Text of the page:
Dear Sophie: Do employees have to stop working until they get their EAD?

Dear Sophie,

One of our employees is on an H-4 visa and has an Employment Authorization Document. It’s been five months since he filed to renew his EAD, which will expire next month. Is there any way to expedite this process? If he doesn’t receive his new EAD card before his old one expires, does he have to stop working? Because it’s taking so long to get EAD cards, we’re worried about another of our employees who has an L-2 visa with an EAD scheduled to expire early next year. 

In addition, the employee who is on an H-4 visa wants to travel to India with his family to visit relatives because it’s been more than three years since he last went. Will he and his family be able to return to the U.S. after four weeks?

— Mindful Manager

A composite image of immigration law attorney Sophie Alcorn in front of a background with a TechCrunch logo. laid off H-1B

Image Credits: Joanna Buniak / Sophie Alcorn 

Summary: Unfortunately, there’s no way to expedite the EAD renewal process. Yes, if an employee does not have a valid H-4 EAD card he will have to stop working. However, there’s good news for your H-4 employee: The EAD of H-4 visa holders has been extended for up to 540 days if a renewal application is pending with USCIS. There’s also good news for your L-2 employee: L-2 visa holders no longer need to file for an EAD card since they are now authorized to work as long as their L-2 visa remains valid, and they have a USCIS notice about the change. Keep up to date on the latest immigration news by subscribing to our monthly newsletter.

Full Dear Sophie article:

Thanks for reaching out to me with all your questions about Employment Authorization Documents (EADs), otherwise known as work permits. My colleague Lynda Hagerty and I recently chatted about the changes introduced by U.S. Citizenship and Immigration Services (USCIS) to reduce case backlogs and processing times and improve the quality of service. One area USCIS has been focusing on is reducing the processing times for EADs and extending their validity to avoid employment disruptions.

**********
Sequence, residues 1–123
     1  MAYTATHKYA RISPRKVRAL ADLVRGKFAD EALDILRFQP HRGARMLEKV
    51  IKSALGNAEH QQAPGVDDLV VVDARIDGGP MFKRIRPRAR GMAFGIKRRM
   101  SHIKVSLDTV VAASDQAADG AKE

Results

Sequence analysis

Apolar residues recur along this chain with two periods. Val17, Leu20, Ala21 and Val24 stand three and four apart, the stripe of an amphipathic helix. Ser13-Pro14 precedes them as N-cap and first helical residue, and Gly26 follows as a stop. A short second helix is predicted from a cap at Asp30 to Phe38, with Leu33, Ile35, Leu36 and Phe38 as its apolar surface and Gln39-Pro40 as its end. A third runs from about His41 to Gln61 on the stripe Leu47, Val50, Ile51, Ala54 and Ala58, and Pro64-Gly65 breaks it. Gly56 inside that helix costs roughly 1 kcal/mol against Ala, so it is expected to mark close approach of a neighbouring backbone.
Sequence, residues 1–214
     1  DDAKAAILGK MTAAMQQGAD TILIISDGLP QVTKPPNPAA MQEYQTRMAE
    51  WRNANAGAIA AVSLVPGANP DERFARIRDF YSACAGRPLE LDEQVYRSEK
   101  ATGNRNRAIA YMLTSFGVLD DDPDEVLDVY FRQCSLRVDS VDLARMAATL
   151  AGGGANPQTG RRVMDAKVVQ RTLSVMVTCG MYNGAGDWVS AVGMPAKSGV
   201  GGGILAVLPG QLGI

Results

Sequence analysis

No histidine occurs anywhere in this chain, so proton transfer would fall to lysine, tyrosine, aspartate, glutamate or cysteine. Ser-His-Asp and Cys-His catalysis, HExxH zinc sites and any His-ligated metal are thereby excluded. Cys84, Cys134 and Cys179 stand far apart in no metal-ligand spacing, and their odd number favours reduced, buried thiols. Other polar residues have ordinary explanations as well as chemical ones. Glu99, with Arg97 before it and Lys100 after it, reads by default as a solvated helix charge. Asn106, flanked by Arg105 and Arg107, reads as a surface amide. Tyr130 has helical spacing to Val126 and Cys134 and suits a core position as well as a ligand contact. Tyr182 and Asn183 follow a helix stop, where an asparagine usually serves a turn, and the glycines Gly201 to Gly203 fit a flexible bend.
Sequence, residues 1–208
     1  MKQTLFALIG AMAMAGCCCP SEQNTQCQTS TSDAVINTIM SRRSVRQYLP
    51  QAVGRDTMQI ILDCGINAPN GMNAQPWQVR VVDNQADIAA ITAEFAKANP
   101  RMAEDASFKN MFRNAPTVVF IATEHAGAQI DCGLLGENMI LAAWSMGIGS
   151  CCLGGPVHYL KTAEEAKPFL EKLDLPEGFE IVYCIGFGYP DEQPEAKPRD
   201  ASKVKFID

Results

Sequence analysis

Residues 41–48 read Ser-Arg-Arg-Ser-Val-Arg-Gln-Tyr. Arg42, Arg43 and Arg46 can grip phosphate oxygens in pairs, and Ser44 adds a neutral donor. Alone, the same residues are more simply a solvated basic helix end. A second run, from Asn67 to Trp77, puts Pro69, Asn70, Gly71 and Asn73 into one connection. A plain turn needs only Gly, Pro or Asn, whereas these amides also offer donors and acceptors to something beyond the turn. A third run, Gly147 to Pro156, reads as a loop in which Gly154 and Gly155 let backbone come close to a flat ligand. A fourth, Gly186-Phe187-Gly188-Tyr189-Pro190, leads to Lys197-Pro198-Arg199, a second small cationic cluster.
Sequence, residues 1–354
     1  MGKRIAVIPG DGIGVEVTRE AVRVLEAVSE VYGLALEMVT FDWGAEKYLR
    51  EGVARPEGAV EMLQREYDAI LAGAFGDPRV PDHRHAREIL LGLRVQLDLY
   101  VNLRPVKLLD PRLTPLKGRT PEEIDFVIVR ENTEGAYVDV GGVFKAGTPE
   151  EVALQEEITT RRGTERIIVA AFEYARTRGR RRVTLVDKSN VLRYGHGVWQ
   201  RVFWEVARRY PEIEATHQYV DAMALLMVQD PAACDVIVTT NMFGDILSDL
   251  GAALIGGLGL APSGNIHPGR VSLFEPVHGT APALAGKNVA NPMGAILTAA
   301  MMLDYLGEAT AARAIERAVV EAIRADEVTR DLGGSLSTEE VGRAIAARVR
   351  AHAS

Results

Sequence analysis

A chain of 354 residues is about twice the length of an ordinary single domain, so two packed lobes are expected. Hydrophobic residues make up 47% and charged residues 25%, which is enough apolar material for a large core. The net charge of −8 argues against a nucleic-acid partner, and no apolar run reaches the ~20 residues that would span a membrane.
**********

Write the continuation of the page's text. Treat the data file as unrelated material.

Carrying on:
For the past few years, USCIS has been backlogged due to the pandemic, funding issues, and reliance on paper-based processing for most immigration benefits. Right now, USCIS is taking anywhere from 5 to 9.5 months to process an H-4 EAD application or extension, depending on the USCIS service center that is handling the request.

While USCIS is working to expand premium processing to additional immigration forms, it remains unavailable for Form I-765, which is used to apply for and renew work authorization. (With premium processing, USCIS guarantees to process an application within 15 days for a fee.) 

However, there’s good news for you and your employees! Read on!

Work permits for H-4 visa holders

H-4 visa holders, who are the spouses of H-1B visa holders, were offered some relief this year in the EAD process. In May, USCIS issued a temporary rule designed to reduce EAD backlogs, as well as the stress on individuals holding H-4 visas, such as your employee and their employers. These visa holders are eligible to have their EADs extended for up to 540 days if the individual has a renewal application pending with USCIS on or after May 4 or files a renewal application on or after May 4, 2022.